Previously answered questions regarding SSD and SSI

Applying for disability in your state

Most popular topics on SSDRC.com

Social Security Disability SSI Questions

The listings, list of disabling impairments

Can a mental illness qualify you for disability?

Disability Lawyers prevent unnecessary denials

How much Social Security Disability SSI back pay?

How to apply for disability for a child or children

Filing a Social Security Disability SSI application

Filing for disability - when to file

How to apply for disability - where to apply

Qualifications for disability benefits

How to Prove you are disabled and Win your Disability Benefits

Qualifying for Disability - The Process

How to get disability for depression

Getting disability for fibromyalgia

SSI disability for children with ADHD

What is the Application Process for Social Security Disability and SSI?

Common Mistakes to avoid after being denied for Disability

Social Security Disability SSI Exam tips

More Social Security Disability SSI Questions

Social Security Disability SSI definitions

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New and featured pages on SSDRC.com

Who can help me file for disability?

Related pages:

Tips for Getting Disability Approved When you File with Social Security
Tips on how to file for disability
Social Security Disability Tips — how a claim gets worked on
Tips to Prepare for Filing for Social Security Disability or SSI
What should you say if you go to a Social Security Exam?
Always list all your various symptoms on your Disability Application
List every medical condition, physical or mental, when you file for disability
Never minimize your pain or other symptoms because this can be used against you
Be ready for your disability application before the process even starts
If you apply for disability in Alabama
Will I qualify for disability Alabama
A Tip for Making a Request for a Disability Hearing
Social Security Disability Advice from the Wrong Sources
Can the Social Security Office give you Bad Advice on a Disability Claim?
Financial Help When You Are Filing For Disability

These pages answer some of the most basic questions for individuals who are considering filing a claim.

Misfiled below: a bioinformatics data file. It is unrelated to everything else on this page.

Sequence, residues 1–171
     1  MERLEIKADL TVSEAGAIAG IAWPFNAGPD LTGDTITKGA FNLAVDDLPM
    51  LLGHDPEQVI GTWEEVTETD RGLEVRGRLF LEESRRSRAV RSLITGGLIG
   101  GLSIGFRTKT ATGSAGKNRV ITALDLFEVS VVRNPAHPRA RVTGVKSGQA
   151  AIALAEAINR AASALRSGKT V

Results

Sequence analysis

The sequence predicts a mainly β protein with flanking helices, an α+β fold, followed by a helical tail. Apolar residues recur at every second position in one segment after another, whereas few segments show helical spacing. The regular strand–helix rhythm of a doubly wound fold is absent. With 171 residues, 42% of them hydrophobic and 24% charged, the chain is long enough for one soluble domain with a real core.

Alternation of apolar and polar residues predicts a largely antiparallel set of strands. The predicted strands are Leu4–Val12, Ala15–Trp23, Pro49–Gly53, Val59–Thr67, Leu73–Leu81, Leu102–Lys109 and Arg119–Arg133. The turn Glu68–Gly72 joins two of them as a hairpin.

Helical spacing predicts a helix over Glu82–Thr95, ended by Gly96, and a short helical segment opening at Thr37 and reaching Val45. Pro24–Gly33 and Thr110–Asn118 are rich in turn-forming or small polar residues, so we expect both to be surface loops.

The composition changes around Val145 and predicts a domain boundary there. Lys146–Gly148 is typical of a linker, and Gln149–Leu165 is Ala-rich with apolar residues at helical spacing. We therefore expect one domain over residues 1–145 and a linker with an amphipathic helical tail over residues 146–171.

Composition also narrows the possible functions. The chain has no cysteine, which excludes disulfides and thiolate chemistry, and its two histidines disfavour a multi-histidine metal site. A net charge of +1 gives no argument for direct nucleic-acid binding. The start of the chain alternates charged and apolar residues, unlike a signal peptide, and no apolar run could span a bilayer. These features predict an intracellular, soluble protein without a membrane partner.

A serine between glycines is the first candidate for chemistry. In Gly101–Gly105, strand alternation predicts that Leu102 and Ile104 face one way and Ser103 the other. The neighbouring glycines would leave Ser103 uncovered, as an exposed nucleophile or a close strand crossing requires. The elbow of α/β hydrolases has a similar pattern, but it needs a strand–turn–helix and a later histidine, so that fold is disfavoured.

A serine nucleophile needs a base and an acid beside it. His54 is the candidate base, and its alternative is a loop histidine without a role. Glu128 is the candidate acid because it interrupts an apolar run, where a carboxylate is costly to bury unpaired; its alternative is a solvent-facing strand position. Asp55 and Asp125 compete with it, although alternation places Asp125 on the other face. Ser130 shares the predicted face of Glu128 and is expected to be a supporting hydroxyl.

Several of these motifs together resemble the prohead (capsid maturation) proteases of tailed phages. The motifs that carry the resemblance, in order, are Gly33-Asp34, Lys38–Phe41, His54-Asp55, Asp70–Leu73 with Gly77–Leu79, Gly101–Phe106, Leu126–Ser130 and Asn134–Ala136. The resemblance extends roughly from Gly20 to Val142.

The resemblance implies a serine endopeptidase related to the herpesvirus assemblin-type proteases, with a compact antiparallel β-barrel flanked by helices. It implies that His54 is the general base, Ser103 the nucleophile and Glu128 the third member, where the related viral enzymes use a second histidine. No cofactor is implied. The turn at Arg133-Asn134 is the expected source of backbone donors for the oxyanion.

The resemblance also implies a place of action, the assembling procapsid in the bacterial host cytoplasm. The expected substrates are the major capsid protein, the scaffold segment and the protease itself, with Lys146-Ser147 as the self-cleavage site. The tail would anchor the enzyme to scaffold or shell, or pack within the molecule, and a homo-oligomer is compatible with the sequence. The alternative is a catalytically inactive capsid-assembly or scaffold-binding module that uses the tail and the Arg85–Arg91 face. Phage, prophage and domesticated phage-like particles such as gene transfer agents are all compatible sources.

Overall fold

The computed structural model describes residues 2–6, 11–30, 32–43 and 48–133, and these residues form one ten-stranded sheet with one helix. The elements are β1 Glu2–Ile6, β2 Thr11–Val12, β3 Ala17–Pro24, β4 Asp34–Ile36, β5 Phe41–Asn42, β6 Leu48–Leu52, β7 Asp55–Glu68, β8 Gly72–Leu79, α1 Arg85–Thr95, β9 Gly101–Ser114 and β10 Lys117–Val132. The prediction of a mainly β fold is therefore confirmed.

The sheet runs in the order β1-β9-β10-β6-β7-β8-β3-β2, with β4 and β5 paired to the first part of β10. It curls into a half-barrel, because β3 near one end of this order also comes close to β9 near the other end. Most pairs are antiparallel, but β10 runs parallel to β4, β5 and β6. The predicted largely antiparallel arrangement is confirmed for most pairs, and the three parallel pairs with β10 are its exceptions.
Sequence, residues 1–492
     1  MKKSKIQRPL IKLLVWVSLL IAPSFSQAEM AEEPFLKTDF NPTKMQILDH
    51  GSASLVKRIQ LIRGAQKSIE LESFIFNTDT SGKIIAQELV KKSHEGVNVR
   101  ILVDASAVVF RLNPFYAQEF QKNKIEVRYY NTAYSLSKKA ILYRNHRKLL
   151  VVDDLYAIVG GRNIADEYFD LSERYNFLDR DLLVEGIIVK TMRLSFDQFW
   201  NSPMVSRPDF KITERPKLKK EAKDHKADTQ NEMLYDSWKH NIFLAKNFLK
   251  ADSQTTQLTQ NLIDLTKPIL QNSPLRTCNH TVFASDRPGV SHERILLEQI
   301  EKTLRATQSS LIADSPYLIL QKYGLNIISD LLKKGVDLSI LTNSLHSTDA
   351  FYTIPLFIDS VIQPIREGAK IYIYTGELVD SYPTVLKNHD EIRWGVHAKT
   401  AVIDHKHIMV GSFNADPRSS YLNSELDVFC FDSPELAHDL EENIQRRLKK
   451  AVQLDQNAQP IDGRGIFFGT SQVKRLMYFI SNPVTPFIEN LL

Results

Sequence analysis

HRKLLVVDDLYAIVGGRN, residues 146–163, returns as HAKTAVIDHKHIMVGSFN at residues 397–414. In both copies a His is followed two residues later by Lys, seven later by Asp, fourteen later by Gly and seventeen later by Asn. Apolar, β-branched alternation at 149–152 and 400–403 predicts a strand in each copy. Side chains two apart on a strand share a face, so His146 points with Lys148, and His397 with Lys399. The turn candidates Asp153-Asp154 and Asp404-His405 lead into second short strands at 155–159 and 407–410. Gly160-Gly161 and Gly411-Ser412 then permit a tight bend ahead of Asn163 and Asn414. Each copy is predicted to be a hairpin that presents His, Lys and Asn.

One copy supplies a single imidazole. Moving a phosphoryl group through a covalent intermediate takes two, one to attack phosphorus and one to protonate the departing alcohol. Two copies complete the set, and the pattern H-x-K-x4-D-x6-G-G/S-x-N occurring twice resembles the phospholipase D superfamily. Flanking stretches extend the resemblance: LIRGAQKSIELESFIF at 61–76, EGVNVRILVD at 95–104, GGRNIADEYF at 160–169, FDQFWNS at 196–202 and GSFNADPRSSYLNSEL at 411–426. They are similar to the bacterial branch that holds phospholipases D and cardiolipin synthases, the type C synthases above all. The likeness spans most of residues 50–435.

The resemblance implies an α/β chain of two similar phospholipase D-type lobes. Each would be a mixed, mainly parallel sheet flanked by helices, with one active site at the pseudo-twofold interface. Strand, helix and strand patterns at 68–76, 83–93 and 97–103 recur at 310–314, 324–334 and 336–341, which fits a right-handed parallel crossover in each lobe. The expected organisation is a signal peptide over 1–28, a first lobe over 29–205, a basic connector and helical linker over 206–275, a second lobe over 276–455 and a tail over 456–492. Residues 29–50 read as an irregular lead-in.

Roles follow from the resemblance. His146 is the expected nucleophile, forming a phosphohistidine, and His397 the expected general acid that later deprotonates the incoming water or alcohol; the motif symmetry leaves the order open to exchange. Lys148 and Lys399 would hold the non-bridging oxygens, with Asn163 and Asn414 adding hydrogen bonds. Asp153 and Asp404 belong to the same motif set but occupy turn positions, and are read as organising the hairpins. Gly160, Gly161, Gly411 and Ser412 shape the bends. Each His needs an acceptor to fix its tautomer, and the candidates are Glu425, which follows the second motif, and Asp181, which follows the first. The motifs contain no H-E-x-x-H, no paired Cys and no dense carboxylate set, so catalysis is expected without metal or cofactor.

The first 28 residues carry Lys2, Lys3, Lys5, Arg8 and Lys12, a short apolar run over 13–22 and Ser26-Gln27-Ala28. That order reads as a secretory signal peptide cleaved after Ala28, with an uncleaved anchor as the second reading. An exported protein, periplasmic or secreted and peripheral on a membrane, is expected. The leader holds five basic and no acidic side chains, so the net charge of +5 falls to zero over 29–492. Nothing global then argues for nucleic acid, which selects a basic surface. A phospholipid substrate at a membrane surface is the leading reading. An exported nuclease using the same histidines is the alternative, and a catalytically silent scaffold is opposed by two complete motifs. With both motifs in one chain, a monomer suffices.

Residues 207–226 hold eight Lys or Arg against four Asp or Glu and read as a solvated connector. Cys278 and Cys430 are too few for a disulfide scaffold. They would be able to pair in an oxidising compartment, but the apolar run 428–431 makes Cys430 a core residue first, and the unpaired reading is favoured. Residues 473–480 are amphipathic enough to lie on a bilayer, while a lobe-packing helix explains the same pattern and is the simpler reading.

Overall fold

Can you get temporary Social Security Disability or SSI benefits?

Permanent Social Security Disability

What is the difference between Social Security Disability and SSI?

Who is eligible for SSI disability?

Can I Be Eligible For SSI And Social Security Disability At The Same Time?

What makes a person eligible to receive disability benefits?

Applying for Disability - How long does it take to get Social Security Disability or SSI benefits?

What happens if I file a disability application and it is denied by a disability examiner or Judge?

For the sake of clarity, SSDRC.com is not the Social Security Administration, nor is it associated or affiliated with SSA. This site is a personal, private website that is published, edited, and maintained by former caseworker and former disability claims examiner, Tim Moore, who was interviewed by the New York Times on the topic of Social Security Disability and SSI benefits in an article entitled "The Disability Mess" and also by the Los Angeles Times on the subject of political attempts to weaken the Social Security Disability system.

The goal of the site is to provide information about how Social Security Disability and SSI work, the idea being that qualified information may help claimants pursue their claims and appeals, potentially avoiding time-consuming mistakes. If you find the information on this site helpful and believe it would be helpful to others, feel free to share links to its homepage or other pages on website resource pages, blogs, or social media. Copying of this material, however, is prohibited.

To learn more about the author, please visit the SSDRC.com homepage and view the "about this site" link near the bottom of the page.